COVID-19 vaccine at Moab Regional Hospital

Tammy Tucker, Moab Regional Hospital nurse, receives the first dose of a COVID-19 vaccine, administered by Darci Miller on Dec. 28. [Photo: Moab Regional Hospital]

Utah hospitals and frontline workers are receiving COVID-19 vaccines in southeastern Utah, after the U.S. Food & Drug Administration granted emergency authorizations to Pfizer and Moderna for vaccines to fight the coronavirus.

​Frontline employees at Moab Regional Hospital received the first round of vaccines on Dec. 28. Some of the first people vaccinated in Moab were staff of the MRH Respiratory Evaluation Area, a new department at the hospital created to respond to the coronavirus pandemic.

“We are so happy to have been blessed with the vaccine and the support of our administration. We really feel like it's kind of the beginning of the end of this COVID crisis,” said Darci Miller, the director of quality assurance and a member of the hospital’s vaccine committee. “We can take a deep breath and hopefully see everyone's beautiful smile soon.”

That feeling of relief was shared by Nicole Fox, a Moab resident and physician assistant at San Juan Hospital in Monticello. On December 23, Fox and nine of her coworkers received the Moderna vaccine.

“I feel like I can walk around a little bit more safely. The big thing was to hopefully not be a carrier to other people, because that's been my major concern,” said Fox. She said that she knew multiple frontline healthcare workers who have contracted COVID-19.

“It's just such an infectious virus, it's really hard to not get people exposed if they're in the healthcare workforce,” Fox said.

The Centers for Disease Control and Prevention and the Utah Department of Health recommend that the vaccine be distributed in four waves, according to Moab Regional Hospital officials. First responders and frontline workers get vaccinated first, followed by long-term care facility residents. After those highest-risk populations get vaccinated, emergency responders and other healthcare workers will be next in line, then people at risk of serious illness and people above the age of 65. After that, the general public will be able to get vaccinated. That fourth wave should come by the summer of 2021, officials from the Utah Department of Health say.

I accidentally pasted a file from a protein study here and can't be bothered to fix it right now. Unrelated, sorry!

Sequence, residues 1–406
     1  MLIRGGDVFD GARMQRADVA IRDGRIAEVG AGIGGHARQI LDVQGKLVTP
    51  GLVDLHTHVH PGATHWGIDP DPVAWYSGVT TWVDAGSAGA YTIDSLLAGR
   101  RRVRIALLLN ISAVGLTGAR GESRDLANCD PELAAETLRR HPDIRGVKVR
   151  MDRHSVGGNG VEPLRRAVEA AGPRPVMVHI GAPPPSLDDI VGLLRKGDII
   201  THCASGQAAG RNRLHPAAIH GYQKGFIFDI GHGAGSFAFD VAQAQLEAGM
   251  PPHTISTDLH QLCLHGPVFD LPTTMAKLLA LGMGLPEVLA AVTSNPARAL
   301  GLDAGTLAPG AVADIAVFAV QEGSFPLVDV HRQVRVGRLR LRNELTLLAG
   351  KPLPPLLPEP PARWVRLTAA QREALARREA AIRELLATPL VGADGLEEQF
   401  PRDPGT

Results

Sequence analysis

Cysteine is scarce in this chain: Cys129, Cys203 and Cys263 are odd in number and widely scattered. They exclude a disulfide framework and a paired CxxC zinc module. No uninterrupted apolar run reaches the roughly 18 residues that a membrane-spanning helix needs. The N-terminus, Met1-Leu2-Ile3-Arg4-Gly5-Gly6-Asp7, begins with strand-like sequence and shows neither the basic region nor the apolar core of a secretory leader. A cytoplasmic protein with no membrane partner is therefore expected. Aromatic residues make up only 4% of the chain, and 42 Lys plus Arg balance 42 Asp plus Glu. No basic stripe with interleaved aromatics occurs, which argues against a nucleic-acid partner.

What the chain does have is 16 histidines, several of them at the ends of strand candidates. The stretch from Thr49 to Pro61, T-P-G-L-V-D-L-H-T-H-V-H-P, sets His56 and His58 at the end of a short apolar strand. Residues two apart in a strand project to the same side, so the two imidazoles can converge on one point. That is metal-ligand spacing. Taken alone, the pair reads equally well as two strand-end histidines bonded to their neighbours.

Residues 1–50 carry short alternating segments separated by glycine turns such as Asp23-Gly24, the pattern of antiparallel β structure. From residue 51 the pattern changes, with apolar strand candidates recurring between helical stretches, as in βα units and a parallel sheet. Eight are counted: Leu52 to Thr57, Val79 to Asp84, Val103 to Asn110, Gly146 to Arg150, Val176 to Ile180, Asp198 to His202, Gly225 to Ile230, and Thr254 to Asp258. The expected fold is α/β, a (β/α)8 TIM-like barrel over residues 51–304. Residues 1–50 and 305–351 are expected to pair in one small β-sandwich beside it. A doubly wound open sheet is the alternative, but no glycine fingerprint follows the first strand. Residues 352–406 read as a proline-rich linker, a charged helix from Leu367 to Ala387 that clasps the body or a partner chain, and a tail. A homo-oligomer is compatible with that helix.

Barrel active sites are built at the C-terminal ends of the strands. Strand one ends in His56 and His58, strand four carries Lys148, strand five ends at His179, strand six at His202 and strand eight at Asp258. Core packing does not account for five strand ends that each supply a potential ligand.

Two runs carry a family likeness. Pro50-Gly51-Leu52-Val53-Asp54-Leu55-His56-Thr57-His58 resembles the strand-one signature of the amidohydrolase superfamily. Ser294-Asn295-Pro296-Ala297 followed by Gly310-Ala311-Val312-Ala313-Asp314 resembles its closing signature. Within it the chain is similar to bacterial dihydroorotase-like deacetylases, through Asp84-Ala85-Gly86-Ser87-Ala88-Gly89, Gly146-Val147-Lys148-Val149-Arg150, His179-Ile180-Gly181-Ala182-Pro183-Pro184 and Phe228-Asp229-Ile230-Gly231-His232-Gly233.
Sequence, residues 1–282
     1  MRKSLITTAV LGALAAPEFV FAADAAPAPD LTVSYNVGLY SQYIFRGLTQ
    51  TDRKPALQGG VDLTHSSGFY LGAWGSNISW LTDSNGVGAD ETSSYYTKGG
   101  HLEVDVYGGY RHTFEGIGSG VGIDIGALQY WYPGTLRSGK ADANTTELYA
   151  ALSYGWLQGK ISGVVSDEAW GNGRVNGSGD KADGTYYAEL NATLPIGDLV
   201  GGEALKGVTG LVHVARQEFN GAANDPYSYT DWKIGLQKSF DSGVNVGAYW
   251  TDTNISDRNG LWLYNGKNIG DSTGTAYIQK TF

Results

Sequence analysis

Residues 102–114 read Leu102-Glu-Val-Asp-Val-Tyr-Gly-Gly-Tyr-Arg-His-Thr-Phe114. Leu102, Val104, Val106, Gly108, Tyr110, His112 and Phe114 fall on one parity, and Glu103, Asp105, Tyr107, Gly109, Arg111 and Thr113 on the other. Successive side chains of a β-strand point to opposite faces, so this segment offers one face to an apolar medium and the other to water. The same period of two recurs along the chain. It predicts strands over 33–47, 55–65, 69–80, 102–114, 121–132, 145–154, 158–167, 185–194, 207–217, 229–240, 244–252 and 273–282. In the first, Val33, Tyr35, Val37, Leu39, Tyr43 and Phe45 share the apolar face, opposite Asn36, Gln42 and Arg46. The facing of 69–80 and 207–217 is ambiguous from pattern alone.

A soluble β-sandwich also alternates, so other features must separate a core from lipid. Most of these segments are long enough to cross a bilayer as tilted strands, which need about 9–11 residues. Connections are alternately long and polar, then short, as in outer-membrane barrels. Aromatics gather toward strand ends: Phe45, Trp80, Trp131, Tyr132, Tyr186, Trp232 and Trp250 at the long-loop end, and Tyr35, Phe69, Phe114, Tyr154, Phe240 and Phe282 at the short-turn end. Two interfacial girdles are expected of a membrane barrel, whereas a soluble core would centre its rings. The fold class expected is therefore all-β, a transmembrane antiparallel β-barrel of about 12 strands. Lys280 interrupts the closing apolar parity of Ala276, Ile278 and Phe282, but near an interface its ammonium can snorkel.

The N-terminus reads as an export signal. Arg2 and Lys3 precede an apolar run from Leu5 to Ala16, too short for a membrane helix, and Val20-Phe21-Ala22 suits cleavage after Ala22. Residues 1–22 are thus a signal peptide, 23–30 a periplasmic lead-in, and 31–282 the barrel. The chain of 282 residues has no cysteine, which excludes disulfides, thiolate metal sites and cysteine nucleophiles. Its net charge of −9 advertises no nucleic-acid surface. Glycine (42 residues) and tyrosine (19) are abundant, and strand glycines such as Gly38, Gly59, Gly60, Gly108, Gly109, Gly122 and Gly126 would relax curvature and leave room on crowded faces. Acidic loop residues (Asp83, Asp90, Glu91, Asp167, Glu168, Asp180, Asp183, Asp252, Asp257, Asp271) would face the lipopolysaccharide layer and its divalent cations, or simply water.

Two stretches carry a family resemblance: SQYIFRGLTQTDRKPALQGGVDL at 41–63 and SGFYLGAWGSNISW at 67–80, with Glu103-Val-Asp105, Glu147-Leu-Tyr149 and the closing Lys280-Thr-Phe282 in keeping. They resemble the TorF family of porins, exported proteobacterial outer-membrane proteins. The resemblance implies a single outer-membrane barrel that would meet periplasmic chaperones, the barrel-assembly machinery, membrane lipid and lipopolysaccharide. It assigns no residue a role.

Locally, the Southeast Utah Health Department is overseeing the vaccine rollout and posting information on their website at www.seuhealth.com

Both San Juan Hospital and Moab Regional Hospital are staggering their vaccination schedule to prevent any side-effects from causing a staff shortage. However, no side effects beyond a sore arm at the site of the injection have been reported at either hospital.

According to published scientific studies, both the Moderna and Pfizer vaccines appear highly effective at preventing the disease caused by the novel coronavirus, with 94% and 95% rates of efficacy respectively. Both vaccines are reported to cause minor side effects like headaches and fatigue.

The vaccines are being recognized as historic, developed in record-breaking time. Previously, the fastest vaccine produced was for mumps, which took four years to produce.

The federal government’s Operation Warp Speed allowed drug makers to begin producing vaccines en masse, even as they worked through the rounds of studies to ensure both efficacy and safety of their products. This is partly why multiple companies were able to produce safe and effective vaccines in a lighting-fast nine months.

Unlike previous vaccines, the Pfizer and Moderna products do not use the live virus, nor can they give someone a COVID-19 infection. Instead, they use more simple genetic material to allow the patient’s antibodies to recognize and effectively defend against the novel coronavirus.

Dr. Eric J. Hanly, a surgeon at Moab Regional Hospital, wrote an editorial reporting that while he had previously felt skeptical about a vaccine developed so quickly, he had examined the scientific research published in the New England Journal of Medicine.

“For me, reading this publication early one morning last week was a rare emotional high after another stressful week at the hospital ‘dealing with COVID,’” Hanly wrote. “For the first time in nine months, I felt a glimmer of hope that maybe, just maybe, we will be able to get back to life as we knew it.”

He received his first dose of the vaccine at St. Mary’s Medical Center in Grand Junction in December.

Fox agreed that seeing the impact of the COVID-19 pandemic has made her more passionate about the vaccine.

“I know lots of families where people have passed away due to COVID,” she said, “so I see the harms of COVID as being very real, and very present in the community where I work.”

Fox went on to say that she has seen a wide array of lasting symptoms from COVID-19, even after patients were over the acute infections. In particular, Fox said many of her older patients especially had difficulties returning to their pre-COVID health baseline.

While the vaccine development is key to ending the ongoing COVID-19 pandemic, which has claimed the lives of over 336,000 Americans, experts urge caution and continued attention to the basics: social distancing, handwashing and staying home if you are feeling ill.

“I, as a person, not just a healthcare provider, I feel very comfortable with the vaccine. I really encourage people if they are able to get it, to get it,” said Fox.

Those who show any symptoms of COVID-19 are encouraged to get tested at Moab Regional Hospital. To talk to a nurse about symptoms and schedule a test, call the Moab Regional Hospital COVID-19 hotline at 435-719-3998.

For information and questions about the COVID-19 vaccination distribution plan in southeastern Utah, go to www.seuhealth.com